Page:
Whether it’s espresso, specialty coffee, or American cold brew, people all over the world love a cup of coffee. And the sheer number of coffee drinkers is precisely what makes the industry both popular and profitable – which attracts many people to open their own custom coffee company.
What these would-be coffee roasters soon learn is that sourcing high-quality coffee beans and offering unique blends can only get you so far. When your coffee pouch is up on the shelf or in an online picture next to your competitors, it all comes down to the product packaging.
Despite its importance, coffee packaging design doesn’t come naturally, even to experienced coffee companies. It incorporates elements of graphic design, brand identity, and physical product packaging – none of which are part of the standard skill set for a coffee roastery. So below, we share five expert tips for creating your own coffee packaging design, even if you’re not a designer.
1. Choose the best coffee brand identity for your company
So much of graphic design is about telling your brand’s story visually. For example, choices in logo, typography, and color can make people think of your coffee brand as a calm, gentle cup for quiet mornings, or a heart-pounding, intense brew to sustain them for long hours. For shoppers who have never tasted your coffee, brand identity determines whether they buy yours or your competitors.
Creating the best coffee brand identity begins by understanding your target customers and place in the market. What are you offering that other coffee roasters don’t? Build your brand identity around your unique selling points and make design decisions based on what appeals to your target customers.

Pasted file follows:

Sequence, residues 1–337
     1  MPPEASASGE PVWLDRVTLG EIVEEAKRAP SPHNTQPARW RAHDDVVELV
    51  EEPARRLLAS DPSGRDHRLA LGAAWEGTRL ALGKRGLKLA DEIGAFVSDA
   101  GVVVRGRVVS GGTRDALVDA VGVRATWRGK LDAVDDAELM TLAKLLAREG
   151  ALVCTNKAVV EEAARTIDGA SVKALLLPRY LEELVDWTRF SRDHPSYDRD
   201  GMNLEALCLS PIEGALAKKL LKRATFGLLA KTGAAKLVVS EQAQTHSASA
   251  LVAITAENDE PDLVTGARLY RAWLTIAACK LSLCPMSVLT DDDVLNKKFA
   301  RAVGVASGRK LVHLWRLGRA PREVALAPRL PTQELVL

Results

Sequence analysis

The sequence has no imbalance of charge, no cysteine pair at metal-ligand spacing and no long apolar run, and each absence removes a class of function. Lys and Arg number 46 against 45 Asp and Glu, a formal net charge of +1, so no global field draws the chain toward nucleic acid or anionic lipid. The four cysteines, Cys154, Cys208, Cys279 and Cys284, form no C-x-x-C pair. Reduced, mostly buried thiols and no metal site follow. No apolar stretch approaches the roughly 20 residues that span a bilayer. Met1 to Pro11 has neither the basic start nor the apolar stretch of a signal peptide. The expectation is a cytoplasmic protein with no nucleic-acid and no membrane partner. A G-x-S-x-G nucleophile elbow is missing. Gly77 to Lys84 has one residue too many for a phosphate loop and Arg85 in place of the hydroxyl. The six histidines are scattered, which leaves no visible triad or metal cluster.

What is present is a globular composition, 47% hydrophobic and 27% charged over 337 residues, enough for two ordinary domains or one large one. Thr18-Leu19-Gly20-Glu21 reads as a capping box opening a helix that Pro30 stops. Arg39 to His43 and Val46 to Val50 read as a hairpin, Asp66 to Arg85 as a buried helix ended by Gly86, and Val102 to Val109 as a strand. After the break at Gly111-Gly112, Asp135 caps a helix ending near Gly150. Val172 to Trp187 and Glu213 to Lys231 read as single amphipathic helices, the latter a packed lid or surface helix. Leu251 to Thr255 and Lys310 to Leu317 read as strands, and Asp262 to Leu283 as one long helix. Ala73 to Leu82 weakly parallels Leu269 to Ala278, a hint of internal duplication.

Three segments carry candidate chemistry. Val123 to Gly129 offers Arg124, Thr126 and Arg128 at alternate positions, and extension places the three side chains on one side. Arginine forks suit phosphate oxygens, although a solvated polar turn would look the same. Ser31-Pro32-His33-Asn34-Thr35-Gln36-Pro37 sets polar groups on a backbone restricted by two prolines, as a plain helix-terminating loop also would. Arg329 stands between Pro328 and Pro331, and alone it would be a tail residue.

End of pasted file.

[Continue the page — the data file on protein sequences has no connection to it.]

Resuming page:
Hiring a professional designer is often more fruitful than learning graphic design yourself, and affordable freelance options like Upwork and Fiverr exist for startup businesses and coffee companies. Professional designers can also help you with how-to advice, such as how to make a dieline for a sticker, as well as stylistic advice. If you’re in a pinch, you can generate AI package design ideas, but you’ll most likely need to make some revisions before print, necessitating a designer anyway.
Subtle details like fonts, lettering, colors, and other imagery may seem negligible, but they all add up. Shoppers will scrutinize your coffee packaging design for clues about whether or not to try your brand, so make sure you make a good first impression.
2. Create eye-catching product packaging
Almost as important as your coffee brand identity is the product packaging itself. Even when selling online, the style of your coffee bag can be a major draw, as long as it appeals to your target customers.
First and foremost, you need to choose the type of coffee pouch. Here are some popular options to get you started:
- Side-fold bags – traditional coffee bags that open at the top and fold sideways to keep the air out. These are good for classic coffee drinkers and easy to manufacture.
- Quad-seal bags – a step-up from side-fold bags with extra protection sealing all four sides of the bags, helping maintain the freshness. These are popular for high-quality brands, but more expensive to manufacture.
- Stand-up pouches – a style for reinforcing the bottoms of coffee bags with only two sides sealed. These are cheaper to manufacture but hold less coffee per bag, making them a bit flimsy for whole bean coffee.